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Hyperprogressive Disease in Patients with Advanced Non-small Cell Lung Cancer Treated with Immune Checkpoint Inhibitors

Authors: Katrina Mountfort, Senior Medical Writer, Touch Medical Media, Reading, UK

    The treatment landscape of many cancers has been transformed by the emergence of immune checkpoint inhibitors targeting programmed cell death 1 (PD-1) and its ligand (PD-L1). These agents are capable of eliciting durable responses and are particularly important in the treatment of non-small cell lung cancer (NSCLC), which is associated with a poor prognosis. However, recent data suggest that PD-1/PD-L1 blockade can lead to hyperprogressive disease (HPD), resulting in a promotion of tumour growth.1–3

    Although accelerated progression has been reported for some time, many experts did not believe that it was genuinely related to immune checkpoint inhibition. In several phase III studies, Kaplan–Meier survival curves have shown that immunotherapy initially appears to be worse than chemotherapy, then the curves cross and immunotherapy proves superior.4,5 Some observed accelerations in tumour growth following immune checkpoint blockade are temporary, known as pseudoprogression, and has been reported in 0.6–5.8% of cases and caused by initial radiographic progression from immune cell infiltration around the tumour.6 By contract, hyperprogression involves a drastic and irreversible progression of disease, reducing patient quality of life and becoming life-threatening, with rates of 9–29% reported to date.1–3 Hyperprogression is often defined as ≥2-fold increase in the tumour growth ratio or tumour growth kinetics ratio during treatment with immune checkpoint inhibitors compared with that observed prior to treatment.3

    This evidence was supported by a presentation at the 2019 World Conference on Lung Cancer (WCLC), which was held on 7–10 September 2019 in Barcelona, Spain, and hosted by the International Association for the Study of Lung Cancer (IASLC), A retrospective study involved 257 patients with advanced NSCLC who were treated between April 2013 and December 2019 at the Fondazione IRCCS Istituto Nazionale dei Tumori di Milano in Italy. Patients had received at least one cycle of immune checkpoint inhibitors and were stratified by four categories: responders (57 cases, 22.2%), best response stable disease (69 cases, 26.8%), best response progressive disease (78 cases, 30.4%), or hyperprogressive disease (53 cases, 20.6%), defined as in a previous study.2 At a median follow-up of 23.5 months, the median progression-free survival was 14.2, 6.5, 2.3, and 1.5 months (p<0.0001) and median overall survival was 32.5, 17.8, 7.8, and 4.1 months (p<0.00001) in the responders, stable disease, progressive disease, and hyperprogressive disease groups, respectively. After adjusting for variables between the patients in the progressive disease and hyperprogressive disease groups, patients in the hyperprogressive disease group were found to have worse clinical outcomes than those in the progressive disease group, suggesting that regular progression was different than hyperprogression.7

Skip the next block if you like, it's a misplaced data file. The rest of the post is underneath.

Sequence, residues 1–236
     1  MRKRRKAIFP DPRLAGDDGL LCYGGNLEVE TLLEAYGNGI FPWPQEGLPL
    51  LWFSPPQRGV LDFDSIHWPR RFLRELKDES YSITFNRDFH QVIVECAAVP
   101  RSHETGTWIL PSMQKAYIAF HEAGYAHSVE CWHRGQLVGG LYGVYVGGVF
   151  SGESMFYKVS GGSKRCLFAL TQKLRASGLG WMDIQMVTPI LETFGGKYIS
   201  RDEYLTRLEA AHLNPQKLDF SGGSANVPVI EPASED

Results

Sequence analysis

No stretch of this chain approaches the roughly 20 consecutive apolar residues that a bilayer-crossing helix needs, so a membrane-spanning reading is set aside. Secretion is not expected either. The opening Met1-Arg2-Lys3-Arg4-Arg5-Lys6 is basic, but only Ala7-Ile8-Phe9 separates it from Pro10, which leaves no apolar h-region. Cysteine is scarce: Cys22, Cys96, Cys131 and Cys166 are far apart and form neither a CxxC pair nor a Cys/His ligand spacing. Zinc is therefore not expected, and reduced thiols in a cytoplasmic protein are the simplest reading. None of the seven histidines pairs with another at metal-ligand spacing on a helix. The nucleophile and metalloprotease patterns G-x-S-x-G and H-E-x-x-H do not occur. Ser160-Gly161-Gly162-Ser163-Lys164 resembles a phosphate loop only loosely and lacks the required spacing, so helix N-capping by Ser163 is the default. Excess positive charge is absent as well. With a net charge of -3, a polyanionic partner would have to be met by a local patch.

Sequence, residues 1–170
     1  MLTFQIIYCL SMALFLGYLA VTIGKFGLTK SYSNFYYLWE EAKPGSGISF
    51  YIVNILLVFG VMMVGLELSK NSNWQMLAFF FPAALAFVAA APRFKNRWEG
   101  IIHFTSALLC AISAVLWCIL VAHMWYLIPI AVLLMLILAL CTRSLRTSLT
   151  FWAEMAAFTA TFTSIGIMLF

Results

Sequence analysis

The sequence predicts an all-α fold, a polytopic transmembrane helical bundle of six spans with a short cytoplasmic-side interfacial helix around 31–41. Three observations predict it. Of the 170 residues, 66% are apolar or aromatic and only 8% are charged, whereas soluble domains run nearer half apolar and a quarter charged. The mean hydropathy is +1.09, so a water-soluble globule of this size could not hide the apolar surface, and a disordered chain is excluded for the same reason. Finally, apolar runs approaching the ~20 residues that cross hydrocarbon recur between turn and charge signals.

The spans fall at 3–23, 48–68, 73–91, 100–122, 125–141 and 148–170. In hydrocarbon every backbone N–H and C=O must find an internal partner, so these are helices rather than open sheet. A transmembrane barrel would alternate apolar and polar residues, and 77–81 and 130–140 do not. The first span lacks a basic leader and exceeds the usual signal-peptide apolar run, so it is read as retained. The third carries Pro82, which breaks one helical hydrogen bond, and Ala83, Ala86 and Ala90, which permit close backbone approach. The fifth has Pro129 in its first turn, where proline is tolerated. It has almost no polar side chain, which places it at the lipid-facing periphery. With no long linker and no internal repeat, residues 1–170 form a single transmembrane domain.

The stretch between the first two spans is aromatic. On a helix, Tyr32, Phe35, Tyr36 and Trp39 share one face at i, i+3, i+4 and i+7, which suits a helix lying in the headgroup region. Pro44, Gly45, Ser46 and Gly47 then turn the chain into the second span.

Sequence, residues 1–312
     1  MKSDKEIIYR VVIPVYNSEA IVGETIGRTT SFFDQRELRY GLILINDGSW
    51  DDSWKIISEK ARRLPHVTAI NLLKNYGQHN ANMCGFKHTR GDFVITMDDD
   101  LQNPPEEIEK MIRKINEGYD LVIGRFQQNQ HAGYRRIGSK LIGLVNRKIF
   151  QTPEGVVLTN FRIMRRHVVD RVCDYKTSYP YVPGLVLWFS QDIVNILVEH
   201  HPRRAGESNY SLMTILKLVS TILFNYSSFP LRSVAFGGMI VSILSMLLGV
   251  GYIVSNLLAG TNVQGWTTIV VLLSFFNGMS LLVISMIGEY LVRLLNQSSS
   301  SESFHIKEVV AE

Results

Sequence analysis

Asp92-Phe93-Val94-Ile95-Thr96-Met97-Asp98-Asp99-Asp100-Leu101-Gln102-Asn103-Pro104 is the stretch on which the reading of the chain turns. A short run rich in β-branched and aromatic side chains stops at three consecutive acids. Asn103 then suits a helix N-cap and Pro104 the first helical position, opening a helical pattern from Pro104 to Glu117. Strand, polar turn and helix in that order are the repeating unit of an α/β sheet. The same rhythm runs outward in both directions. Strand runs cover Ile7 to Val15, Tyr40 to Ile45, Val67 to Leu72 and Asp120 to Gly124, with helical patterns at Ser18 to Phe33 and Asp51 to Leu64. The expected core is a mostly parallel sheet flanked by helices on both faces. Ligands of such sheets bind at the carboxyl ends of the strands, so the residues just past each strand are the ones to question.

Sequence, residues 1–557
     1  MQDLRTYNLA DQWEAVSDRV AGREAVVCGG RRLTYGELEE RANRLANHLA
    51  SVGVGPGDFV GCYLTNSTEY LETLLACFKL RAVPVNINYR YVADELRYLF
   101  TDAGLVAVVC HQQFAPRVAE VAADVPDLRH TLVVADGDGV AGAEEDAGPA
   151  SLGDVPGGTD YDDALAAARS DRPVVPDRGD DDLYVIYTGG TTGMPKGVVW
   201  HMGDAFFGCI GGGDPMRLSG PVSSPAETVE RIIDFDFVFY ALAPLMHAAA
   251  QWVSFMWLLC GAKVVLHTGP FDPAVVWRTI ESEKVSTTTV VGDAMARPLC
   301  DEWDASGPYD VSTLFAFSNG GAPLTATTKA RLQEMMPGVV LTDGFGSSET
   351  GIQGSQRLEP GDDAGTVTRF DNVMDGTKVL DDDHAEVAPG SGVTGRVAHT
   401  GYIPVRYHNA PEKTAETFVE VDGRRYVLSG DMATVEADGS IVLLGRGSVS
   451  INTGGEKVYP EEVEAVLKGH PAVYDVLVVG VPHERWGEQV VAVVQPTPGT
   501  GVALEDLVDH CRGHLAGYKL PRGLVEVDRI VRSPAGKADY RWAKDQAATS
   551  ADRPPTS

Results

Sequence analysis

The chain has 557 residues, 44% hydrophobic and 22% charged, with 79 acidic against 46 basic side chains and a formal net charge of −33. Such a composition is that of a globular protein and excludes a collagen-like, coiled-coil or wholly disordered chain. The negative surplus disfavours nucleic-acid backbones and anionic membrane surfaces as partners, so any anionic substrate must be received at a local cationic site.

Hyperprogression is clearly an unusual response to immune checkpoint inhibitor therapy, and it is therefore important to identify the minority of patients who are likely to experience it. Studies to date indicate that hyperprogression is not associated with higher tumour burden at baseline, the number of previous lines of treatment, or the expression of PD-L1 in tumours.3 Three clinical factors – older age,3  the presence of more than two metastatic sites prior to the administration of PD-1/PD-L1 inhibitors,1 and regional recurrence in an irradiated field in cases of head and neck squamous cell carcinoma8 – have been associated with hyperprogression. However, these findings have not been consistently reposted across studies. In terms of genetic alterations, MDM2/MDM4 amplification, and EGFR mutations have been shown to be associated with hyperprogression.8,9